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Noted author, filmmaker advocates for grizzlies that saved his life
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Noted author, filmmaker advocates for grizzlies that saved his life

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Hallucinating from a malaria attack, 27-year-old Doug Peacock crawled into his tent. His fever spiked at 105.6 degrees as he camped in Yellowstone National Park’s lodgepole pine forest.

“So I was out of my mind, and there were grizzly bears around,” he recalled, harking back to 1968 as he sat at his dining room table recently. That was the year Peacock returned from Vietnam where he served as a Green Beret medic.

“I saw the tracks, I knew they were around, but I wasn’t sure if they were real or not,” he said.

As the fever subsided, Peacock struck out to explore the area, soaking in hot springs until he was lobster red and fever free. Not far from where he camped, he discovered grizzlies gathering to feed at a Park Service dump. For days Peacock watched from a distance, once climbing a skinny tree to avoid an angry sow’s charge.

Doug Peacock

Film maker, author and grizzly activist Doug Peacock is shown at his home in Paradise Valley.

“You know, the grizzly bears get your attention, and that’s exactly what I needed back in 1968 when I first crawled out of the jungle,” he said. “It was magic.”

Peacock said he sought out such remote places to escape the demons of war that were haunting him, long before a mental health condition now known as post-traumatic stress disorder had a name.

“I thought the Viet Cong were chasing me half the time,” he said.

Enamored with the big bruins, in 1975 Peacock began spending up to four months a year for the next 15 years filming grizzlies in and around Yellowstone and Glacier national parks. During his time working as a fire lookout in Glacier, he began writing the memoir “Grizzly Years, In Search of American Wilderness,” which was published in 1990. It was the first of five books.

Peacock’s work has earned him a reputation as a “renegade naturalist” and “environmental individualist.”

“I’ve been fighting for the plight of the grizzly bear for 50 years,” he said.

Now 80 years old, Peacock has built his home on the lee side of a hill in Montana’s Paradise Valley, about 30 miles north of Yellowstone. Next door is a subdivision created by members of a doomsday religious group, their fallout shelters dotting some yards. Looking out his dining room window in the winter, Peacock occasionally sees elk gather. Once a group milled nervously as a black wolf approached from the foothills.

His home’s large windows also provide a view of the Gallatin and Absaroka mountains that stretch south to Yellowstone, a place where in his youth he would regularly carry 100 pounds of gear on snowshoes into the backcountry, subsisting on granola, protein powder and jerky so he could film grizzly bears.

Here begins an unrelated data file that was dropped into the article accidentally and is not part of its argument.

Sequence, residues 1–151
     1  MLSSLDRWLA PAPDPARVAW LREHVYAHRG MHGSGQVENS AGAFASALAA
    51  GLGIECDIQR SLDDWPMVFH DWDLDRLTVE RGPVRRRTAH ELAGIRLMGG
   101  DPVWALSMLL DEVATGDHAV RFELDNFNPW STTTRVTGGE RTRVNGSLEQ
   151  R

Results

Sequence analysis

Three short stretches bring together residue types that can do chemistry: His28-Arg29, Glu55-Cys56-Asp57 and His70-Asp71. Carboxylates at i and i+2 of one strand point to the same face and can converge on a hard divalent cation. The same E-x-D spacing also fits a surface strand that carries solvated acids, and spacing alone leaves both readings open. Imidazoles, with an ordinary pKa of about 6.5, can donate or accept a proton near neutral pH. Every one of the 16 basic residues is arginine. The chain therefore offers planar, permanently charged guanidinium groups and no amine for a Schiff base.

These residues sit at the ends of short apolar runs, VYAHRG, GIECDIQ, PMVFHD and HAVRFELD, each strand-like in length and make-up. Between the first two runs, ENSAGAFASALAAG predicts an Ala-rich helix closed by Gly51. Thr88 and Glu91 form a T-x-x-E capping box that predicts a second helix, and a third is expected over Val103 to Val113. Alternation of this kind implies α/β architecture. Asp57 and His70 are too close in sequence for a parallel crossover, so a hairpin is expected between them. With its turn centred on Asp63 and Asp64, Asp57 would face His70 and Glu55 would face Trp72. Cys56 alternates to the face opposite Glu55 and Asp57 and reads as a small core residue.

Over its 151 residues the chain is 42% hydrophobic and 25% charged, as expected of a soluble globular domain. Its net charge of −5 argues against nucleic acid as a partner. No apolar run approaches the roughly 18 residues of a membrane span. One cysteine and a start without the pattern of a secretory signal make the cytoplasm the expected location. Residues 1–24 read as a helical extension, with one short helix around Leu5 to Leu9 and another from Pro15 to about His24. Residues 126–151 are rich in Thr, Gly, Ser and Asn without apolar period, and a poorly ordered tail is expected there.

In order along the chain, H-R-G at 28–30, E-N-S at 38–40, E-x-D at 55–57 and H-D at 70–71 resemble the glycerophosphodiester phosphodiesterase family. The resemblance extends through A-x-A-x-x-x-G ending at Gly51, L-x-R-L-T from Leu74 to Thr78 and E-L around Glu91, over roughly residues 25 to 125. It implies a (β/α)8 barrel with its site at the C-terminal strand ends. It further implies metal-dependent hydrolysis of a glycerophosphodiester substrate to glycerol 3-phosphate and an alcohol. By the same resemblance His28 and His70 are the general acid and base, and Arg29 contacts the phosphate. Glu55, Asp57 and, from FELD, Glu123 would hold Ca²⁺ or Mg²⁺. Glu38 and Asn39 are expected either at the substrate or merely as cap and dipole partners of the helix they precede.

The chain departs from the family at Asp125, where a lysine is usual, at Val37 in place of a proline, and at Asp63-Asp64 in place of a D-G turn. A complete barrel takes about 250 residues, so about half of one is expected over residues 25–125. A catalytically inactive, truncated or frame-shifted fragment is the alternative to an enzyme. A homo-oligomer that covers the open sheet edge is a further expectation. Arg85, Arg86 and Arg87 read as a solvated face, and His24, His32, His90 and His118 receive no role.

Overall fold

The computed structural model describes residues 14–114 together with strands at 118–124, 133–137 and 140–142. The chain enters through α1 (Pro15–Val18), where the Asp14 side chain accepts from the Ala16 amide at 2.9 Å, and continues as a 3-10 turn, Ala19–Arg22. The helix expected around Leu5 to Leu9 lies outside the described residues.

On one trip in the 1980s actor Arnold Schwarzenegger accompanied him into Yellowstone’s Pelican Valley for an edition of “American Sportsman.”

Peacock’s interest in Yellowstone’s grizzly bears ignited just before the Park Service decided in 1970 to close its five open-pit dumps. At the time, bear biologist twin brothers John and Frank Craighead estimated the grizzly population in the park at 174 animals.

With the sudden loss of a steady food source, many “incorrigible bears” ran afoul of park managers and were shot or trapped and euthanized. In 1970 the park staff “carried out 70 control actions involving 50 different grizzly bears,” according to an article in the 2008 edition of the magazine Yellowstone Science. “Twenty bears were removed permanently, including 12 sent to zoos.”

The removals were one more sign for Peacock of man’s intolerance for grizzlies, a problem that dated back as far as the 1800s when bears – along with other species – were effectively eliminated in a “steady genocide.” As a result, grizzly populations dwindle by 100,000, he wrote in “Grizzly Years,” “one example of a native American species that did not bend to our purposes.”

After the garbage dumps closed, and following the listing of grizzlies as an endangered species in 1975, the Yellowstone population steadily grew to what is now estimated to be more than 690 animals.

Despite the gains, Peacock remains disheartened by federal management of the species, decrying the U.S. Fish and Wildlife Service’s attempts to delist the animals in 2007 and 2017. With state control seemingly on the horizon, wildlife agencies in Montana, Wyoming and Idaho made plans to resume grizzly bear hunting seasons.